Who in the World is Sandra Bullock?

Extremely Loud and Incredibly Close
by Jonathon Foer

When the movie Extremely Loud and Incredibly Close gained a good share of attention it went on my list of movies to see, although I have to admit it was mainly to see what Tom Hanks and Sandra Bullock were up to in an interesting plot about a boy who lost his Dad in the events of the New York City tragedy  of 9/11.  But it wasn't on my reading list until visiting my Oakland daughter who loaned me her spare Kindle loaded with something she thought I'd like to read next. Like it I did!  And I must say I was was inspired by BH's mighty list of book-movie tie-ins.

The book opens with a photograph of a key and there begins the story. It is a first person account beginning with nine-year-old Oskar Schell who is precocious beyond his years both intellectually and emotionally, so it seems like a narrative by a much older person. Oskar considers himself to be an inventor, and his hero who he writes to several times is Stephen Hawking. He would like to meet Mr. Hawking and perhaps be his apprentice. Oskar has self prescribed to try to heal his grief and trauma by undertaking a quest to understand the last hours of his father's life and everything that he can can find to know about his father. When he finds a key in an envelope in a vase in his father's closet along with the single name Black he sets out to singlehandedly contact every person in New York that he can find with the last name of Black.

The rest of the characters in the book, Oskar's family both past and present, are also interspersed in their stories, told in the first person as well. Their histories, going back to the World War II events in Dresden, Germany are eloquent and complex. The Blacks that Oskar meets, such as the forty-eight year old single woman, Abby Black, who he finds both comforting and attractive (he asks her for a kiss), and another Mr. Black who decides to help Oscar on his long list of searches, lend their own interest.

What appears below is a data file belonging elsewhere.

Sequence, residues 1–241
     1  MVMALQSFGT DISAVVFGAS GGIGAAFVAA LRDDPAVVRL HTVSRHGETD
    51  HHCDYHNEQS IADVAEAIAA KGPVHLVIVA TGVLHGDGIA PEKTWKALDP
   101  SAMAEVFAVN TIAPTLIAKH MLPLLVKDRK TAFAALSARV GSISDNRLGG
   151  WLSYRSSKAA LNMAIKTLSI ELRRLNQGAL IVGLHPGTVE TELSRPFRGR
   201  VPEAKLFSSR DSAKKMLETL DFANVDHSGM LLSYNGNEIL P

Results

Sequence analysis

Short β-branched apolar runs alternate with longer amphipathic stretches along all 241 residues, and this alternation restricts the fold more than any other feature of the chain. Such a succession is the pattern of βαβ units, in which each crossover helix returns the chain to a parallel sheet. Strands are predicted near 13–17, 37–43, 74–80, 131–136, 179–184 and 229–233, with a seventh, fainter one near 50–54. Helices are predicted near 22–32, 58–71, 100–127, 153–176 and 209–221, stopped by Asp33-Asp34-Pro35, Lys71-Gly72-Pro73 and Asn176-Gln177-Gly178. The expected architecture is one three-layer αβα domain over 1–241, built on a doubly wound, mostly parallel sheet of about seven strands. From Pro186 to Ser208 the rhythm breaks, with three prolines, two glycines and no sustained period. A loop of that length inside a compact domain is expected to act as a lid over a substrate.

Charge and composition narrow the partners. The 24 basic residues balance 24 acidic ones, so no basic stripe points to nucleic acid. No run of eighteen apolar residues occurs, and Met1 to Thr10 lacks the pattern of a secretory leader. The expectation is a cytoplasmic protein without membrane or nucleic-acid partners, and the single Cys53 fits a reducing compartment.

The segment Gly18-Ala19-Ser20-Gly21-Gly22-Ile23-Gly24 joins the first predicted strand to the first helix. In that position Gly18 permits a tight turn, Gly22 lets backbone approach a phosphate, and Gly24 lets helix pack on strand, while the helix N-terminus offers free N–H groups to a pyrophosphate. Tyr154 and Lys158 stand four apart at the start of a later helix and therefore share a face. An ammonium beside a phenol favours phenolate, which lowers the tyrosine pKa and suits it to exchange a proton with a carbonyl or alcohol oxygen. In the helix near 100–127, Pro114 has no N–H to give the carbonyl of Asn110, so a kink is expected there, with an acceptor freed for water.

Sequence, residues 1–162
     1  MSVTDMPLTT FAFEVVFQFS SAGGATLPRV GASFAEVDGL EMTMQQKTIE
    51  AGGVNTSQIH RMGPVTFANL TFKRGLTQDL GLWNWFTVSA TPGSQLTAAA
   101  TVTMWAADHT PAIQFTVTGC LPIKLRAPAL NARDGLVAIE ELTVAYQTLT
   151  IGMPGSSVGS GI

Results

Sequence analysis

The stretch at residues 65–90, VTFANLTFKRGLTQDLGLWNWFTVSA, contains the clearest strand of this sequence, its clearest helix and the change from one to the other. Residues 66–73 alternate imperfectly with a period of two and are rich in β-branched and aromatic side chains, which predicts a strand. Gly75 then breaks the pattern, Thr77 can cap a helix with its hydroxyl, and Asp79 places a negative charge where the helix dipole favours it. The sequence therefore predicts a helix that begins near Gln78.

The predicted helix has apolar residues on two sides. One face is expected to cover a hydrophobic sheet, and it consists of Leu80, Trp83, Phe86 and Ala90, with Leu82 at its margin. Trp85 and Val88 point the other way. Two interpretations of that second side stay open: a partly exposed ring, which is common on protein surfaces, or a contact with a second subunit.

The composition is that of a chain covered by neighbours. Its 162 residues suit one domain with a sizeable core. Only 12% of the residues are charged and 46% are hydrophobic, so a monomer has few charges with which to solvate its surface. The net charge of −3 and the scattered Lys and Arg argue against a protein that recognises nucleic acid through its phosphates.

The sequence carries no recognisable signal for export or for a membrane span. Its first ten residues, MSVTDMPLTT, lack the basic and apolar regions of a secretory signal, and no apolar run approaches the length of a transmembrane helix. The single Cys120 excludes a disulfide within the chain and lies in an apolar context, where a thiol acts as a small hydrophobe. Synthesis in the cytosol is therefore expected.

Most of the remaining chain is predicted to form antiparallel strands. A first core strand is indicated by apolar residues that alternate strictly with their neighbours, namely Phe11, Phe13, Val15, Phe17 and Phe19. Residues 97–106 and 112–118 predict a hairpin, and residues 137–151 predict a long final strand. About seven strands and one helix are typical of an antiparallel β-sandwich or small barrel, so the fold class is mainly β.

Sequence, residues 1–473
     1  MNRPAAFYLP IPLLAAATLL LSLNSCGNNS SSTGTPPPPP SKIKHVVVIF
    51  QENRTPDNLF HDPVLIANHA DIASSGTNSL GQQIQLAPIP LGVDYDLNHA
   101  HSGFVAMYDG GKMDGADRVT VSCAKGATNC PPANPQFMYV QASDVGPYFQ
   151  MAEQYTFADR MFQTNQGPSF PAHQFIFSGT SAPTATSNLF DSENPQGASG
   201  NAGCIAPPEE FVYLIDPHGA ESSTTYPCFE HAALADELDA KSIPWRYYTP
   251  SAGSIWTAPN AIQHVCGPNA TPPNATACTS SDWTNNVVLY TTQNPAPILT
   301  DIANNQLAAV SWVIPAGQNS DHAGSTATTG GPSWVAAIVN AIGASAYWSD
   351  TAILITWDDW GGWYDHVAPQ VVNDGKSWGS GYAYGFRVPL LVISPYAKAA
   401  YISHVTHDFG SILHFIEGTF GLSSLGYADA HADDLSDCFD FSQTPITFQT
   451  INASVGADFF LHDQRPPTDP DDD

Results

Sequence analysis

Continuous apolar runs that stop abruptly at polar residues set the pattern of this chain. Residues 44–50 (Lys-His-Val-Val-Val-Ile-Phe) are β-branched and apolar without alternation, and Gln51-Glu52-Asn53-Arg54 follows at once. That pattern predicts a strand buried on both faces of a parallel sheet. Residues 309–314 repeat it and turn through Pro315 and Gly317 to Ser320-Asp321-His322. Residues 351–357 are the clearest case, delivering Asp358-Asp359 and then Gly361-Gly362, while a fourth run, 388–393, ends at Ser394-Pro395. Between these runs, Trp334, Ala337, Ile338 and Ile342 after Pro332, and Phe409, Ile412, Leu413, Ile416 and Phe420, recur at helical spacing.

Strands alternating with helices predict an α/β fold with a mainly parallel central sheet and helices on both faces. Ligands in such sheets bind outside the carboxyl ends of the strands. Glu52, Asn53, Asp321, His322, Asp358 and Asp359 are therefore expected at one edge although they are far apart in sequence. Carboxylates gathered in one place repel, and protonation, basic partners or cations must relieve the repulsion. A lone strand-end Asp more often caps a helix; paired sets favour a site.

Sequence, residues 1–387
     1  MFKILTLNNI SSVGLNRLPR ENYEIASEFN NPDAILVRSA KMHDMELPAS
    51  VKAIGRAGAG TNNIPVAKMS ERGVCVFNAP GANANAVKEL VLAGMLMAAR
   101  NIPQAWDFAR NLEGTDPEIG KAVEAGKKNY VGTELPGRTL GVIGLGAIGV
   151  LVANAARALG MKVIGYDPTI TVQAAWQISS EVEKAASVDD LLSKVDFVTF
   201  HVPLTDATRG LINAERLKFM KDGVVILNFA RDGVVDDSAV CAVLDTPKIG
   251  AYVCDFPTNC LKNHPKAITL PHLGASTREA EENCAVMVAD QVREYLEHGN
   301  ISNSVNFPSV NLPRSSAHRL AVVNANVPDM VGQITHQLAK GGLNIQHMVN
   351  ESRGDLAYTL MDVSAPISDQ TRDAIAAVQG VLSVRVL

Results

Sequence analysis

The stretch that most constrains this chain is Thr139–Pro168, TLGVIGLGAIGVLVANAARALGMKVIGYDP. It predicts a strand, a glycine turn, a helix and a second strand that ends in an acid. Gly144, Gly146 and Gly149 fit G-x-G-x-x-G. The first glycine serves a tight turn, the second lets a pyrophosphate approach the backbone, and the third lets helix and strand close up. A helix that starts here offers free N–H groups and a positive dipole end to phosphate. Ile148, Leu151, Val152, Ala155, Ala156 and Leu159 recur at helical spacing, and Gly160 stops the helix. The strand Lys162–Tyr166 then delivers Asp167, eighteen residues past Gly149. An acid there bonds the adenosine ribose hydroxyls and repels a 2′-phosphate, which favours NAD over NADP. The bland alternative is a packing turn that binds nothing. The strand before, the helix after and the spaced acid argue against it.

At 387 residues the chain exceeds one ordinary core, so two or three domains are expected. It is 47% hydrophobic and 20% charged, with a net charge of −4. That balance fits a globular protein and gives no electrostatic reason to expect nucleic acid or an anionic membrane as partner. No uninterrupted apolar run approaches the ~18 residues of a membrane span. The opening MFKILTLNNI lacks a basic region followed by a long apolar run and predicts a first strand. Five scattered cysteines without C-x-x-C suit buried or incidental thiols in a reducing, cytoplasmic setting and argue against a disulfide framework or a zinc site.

Jonathon Foer amazed me with this novel, so rich both in psychological insights and luring into a web of what ever happened here and how will it turn out. The photographs throughout lend a perfect glimpse into Oskar's thoughts. His narrative is often achingly poetic, such as when he described sinking into his grief as having "heavy boots." This would make a good book-club choice as there are more than thirty copies available for request as well as non-print versions on cd, ebook, and dvd.

As a recommendation for older teen readers, this will be with reservation as there are a couple of brief sexual scenes involving the history of Oskar's ancestors, such as his grandfather painting his first love Anna in the nude. But these scenes are earthy and realistic, and in no way designed just to be erotic.   There is also some very graphic playground talk with Oskar and his playground friends. This book is intended for an adult audience as it does not feature teen characters, but I do believe it would be a good choice for any teen with the freedom to choose to choose among the older teen collection, which has few limitations as to adult content. The journey of Oskar, although a nine-year old, would not be far from their experience at all.

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